Montana Fish, Wildlife and Parks continues to pursue land purchases and conservation easements funded through its Habitat Montana program to provide more public access for hunters, anglers and wildlife watchers.
In the August FWP Commission meeting, eight projects were unveiled that would provide public access to what is now private lands across the state.
"We were really excited about the projects and the diversity of habitat and the geographical representation across the state," said Ken McDonald, wildlife bureau chief.
He said a variety of other funds could be tapped to help seal the deals, such as duck stamp and forest legacy dollars.
The habitat acquisition projects being pursued include:
-- A conservation easement on the 800 acre Dugas Farms two miles south of Ulm in Cascade County.
-- The purchase of the 440-acre Full Curl ranch in northwestern Montana that provides important habitat for 250 bighorn sheep and includes more than a mile of Flathead River frontage.
-- A conservation easement for 28,000 acres of Stimson Lumber Co. land near Troy. The $16 million project would include federal grants and a commitment by Stimson to a below-market sale.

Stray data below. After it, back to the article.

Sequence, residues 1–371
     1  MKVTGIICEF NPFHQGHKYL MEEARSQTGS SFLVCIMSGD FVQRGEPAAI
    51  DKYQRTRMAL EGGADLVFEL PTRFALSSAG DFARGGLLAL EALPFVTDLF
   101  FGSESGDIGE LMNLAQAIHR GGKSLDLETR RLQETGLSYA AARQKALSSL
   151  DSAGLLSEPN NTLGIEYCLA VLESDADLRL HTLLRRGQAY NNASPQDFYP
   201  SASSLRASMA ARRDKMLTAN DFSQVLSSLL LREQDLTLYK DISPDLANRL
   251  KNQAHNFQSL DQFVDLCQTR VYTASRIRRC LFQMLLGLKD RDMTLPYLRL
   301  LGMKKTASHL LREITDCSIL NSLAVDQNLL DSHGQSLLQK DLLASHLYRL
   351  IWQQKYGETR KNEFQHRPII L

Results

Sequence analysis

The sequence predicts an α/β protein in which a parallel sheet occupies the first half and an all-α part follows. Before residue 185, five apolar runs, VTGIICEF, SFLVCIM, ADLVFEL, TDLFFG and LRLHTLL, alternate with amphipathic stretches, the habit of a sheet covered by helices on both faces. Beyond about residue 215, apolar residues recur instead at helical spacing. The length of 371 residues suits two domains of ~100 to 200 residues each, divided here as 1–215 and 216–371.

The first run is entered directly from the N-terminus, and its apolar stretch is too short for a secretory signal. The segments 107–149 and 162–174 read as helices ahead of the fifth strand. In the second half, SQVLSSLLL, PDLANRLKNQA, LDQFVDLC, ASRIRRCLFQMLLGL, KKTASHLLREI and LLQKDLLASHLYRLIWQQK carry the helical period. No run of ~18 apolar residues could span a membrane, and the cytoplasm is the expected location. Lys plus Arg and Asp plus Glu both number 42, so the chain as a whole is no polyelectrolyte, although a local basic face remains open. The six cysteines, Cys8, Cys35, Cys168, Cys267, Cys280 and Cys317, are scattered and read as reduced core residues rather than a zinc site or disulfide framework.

-- The donation of 70 acres of land from Ms. Christopher Young that adjoins the Calf Creek WMA northeast of Hamilton.
-- Purchase or trade of 2,917 acres of private in-holdings in the Spotted Dog WMA near Deer Lodge along the upper Clark Fork River.
-- The purchase of a conservation easement on 2,847 acres of the Browning Ranch along the Musselshell River, about 12 miles north of Mosby.
-- A conservation easement on 792 acres of Yellowstone River bottomland and 19,886 acres of upland rangeland owned by the Nix Ranch, southwest of Hysham.
-- The purchase of 1,093.4 acres of Yellowstone River bottomland adjacent to Seven Sisters WMA, about 10 miles southwest of Sidney.